“GOD is a Spirit: and they that worship him must worship him in spirit and in truth.” Christ’s words to the Samaritan woman at Jacob’s Well in St John’s Gospel reinforce the view that the world of Christianity is an intangible one. In much the same way as Radio 4 listeners have needed to be convinced that telling the history of the world in 100 objects works on radio, so believers struggle with the concept that religion can be embodied in some way. Yet, as any churchwarden can attest, there is a discrepancy between theory (or theology) and practice. God is a Spirit, and they that worship him must worship him in churches. The material trappings of religion, most notably the buildings, whether a glory or a millstone, are prominent in the minds of the faithful.
Religious ephemera tend to be preserved, partly because they are generally well made, and partly because succeeding generations recognise the care and sincerity that they embody. Periods of iconoclasm, such as in the 16th and 17th centuries, are rare. Instead, the British approach the churches they inherit in the same way as they occupy their parents’ houses: the furniture of the previous generation might not be exactly to their taste, but, as long as they can add a few sticks of their own, they will give it houseroom, and perhaps come to like it. The “coming to like it” is such an integral process in the journey of faith that the losses of the past are often keenly felt. This is not an argument in favour of religious clutter, but a reminder that the most disregarded objects can retain a spiritual significance. Saxon crosses, Romanesque wall paintings, Tudor screens, Victorian stained glass, early-20th-century Stations — all can hold fresh meaning for worshippers who are far removed from the context in which they were created.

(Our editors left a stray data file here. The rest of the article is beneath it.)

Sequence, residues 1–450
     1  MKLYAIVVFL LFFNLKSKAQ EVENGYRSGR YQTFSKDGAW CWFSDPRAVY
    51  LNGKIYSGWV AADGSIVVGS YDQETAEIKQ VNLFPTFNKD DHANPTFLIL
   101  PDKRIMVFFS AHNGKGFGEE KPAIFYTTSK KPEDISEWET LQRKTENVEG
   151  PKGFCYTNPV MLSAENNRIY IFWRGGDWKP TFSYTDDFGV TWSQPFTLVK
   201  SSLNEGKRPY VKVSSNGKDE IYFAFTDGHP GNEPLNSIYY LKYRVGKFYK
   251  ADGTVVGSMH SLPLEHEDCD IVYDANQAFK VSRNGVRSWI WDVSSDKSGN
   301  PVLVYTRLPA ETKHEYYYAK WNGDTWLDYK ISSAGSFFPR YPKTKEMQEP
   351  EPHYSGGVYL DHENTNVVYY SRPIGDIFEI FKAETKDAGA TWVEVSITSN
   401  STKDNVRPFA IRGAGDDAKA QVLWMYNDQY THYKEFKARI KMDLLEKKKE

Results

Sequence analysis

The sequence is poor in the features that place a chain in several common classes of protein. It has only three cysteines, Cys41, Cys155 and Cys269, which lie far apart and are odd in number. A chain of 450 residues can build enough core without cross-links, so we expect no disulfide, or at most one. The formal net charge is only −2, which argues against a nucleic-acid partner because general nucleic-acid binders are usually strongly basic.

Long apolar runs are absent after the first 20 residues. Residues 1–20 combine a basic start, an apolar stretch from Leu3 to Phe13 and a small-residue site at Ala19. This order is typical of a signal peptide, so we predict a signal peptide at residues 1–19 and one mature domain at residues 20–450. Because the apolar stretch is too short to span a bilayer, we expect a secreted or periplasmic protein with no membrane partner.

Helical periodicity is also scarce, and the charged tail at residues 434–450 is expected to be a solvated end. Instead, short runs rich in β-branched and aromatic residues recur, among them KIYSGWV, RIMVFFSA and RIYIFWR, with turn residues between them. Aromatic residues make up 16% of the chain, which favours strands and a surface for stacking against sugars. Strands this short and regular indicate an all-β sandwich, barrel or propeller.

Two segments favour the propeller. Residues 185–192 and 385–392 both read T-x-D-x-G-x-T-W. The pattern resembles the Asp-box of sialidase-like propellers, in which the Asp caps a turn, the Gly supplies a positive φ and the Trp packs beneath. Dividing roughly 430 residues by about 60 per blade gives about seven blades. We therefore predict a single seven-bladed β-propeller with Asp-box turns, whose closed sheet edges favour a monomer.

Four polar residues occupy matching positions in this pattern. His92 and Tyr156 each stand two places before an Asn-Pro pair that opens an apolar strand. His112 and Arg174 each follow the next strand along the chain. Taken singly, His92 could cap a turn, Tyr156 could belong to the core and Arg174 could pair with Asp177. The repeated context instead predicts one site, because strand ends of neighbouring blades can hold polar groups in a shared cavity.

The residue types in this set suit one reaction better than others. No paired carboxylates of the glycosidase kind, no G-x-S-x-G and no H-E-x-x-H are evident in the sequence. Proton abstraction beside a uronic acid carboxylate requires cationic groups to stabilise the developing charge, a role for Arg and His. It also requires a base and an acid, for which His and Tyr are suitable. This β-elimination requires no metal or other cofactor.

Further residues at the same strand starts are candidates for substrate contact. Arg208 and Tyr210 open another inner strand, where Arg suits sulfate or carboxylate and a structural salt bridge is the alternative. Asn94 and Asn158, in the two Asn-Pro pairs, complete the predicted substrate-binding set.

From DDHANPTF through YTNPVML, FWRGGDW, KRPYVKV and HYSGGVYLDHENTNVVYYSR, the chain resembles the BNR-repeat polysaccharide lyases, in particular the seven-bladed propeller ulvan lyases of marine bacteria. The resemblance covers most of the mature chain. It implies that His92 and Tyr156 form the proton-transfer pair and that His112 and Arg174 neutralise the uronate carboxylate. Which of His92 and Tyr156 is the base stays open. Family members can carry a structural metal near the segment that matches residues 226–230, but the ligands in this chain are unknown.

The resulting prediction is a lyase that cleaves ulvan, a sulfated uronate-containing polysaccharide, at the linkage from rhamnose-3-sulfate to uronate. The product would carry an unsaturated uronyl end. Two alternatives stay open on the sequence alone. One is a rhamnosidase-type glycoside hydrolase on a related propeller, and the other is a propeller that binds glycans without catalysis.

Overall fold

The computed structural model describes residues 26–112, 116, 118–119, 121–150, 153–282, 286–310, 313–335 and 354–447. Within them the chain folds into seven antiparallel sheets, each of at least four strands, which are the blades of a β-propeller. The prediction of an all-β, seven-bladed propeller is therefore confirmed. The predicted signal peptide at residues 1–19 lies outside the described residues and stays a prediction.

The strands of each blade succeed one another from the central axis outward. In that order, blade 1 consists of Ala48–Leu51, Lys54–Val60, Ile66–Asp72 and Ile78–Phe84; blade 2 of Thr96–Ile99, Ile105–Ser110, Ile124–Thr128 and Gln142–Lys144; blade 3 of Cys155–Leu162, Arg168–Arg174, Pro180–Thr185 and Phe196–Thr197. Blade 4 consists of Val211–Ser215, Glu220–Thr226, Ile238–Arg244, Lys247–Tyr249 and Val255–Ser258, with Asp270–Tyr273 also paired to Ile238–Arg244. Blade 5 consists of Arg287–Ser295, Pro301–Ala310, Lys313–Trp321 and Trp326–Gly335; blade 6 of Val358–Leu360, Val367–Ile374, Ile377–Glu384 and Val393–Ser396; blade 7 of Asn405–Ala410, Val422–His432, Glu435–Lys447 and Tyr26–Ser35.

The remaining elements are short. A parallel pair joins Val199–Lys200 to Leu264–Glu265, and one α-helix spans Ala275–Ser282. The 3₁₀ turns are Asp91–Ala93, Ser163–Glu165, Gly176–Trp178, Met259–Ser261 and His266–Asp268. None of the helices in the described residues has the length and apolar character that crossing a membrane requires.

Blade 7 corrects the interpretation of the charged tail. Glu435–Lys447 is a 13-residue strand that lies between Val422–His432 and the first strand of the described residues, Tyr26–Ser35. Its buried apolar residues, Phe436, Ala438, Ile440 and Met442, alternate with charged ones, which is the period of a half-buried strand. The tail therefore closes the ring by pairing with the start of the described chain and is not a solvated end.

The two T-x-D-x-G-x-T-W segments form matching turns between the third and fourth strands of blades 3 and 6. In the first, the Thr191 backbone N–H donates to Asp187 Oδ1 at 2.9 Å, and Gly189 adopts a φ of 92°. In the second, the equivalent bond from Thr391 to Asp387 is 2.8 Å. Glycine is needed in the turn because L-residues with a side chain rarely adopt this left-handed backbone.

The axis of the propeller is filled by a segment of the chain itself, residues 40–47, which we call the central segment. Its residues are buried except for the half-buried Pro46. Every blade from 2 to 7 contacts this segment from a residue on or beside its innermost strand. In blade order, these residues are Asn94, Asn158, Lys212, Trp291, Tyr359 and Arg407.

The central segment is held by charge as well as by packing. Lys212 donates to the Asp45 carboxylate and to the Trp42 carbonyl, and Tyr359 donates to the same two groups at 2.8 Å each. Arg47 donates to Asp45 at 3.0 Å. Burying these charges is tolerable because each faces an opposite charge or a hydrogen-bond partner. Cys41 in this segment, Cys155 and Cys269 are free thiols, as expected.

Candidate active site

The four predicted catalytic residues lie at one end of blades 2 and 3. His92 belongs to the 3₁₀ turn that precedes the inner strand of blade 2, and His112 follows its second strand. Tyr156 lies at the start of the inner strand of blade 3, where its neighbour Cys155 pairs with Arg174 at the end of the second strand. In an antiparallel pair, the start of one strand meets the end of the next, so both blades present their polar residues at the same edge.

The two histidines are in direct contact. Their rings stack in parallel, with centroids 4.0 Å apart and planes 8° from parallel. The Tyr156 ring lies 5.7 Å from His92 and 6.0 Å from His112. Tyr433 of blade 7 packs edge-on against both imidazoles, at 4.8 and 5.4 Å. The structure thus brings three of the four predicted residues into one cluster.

The use of objects merely to recall the observer to religious attentiveness is consonant with faith in a numinous God. It is a modest purpose, and can be accomplished by the slightest object, such as a teapot or an enamel badge. It will be interesting to see whether exposure to Orthodox theology will one day encourage a deeper relationship with holy objects: icons facilitate an encounter, a place where the believer and the divine reach out to each other. Relics are at yet another point on the scale, focuses of much veneration and occasional silliness.
Objects can, of course, be a distraction, particularly the more ornate, and the more difficult to insure. But some of the richest spiritual benefit comes from the humblest of things: a simple carving, perhaps even a stone. Telling their story can often reveal the intensity of a person’s faith.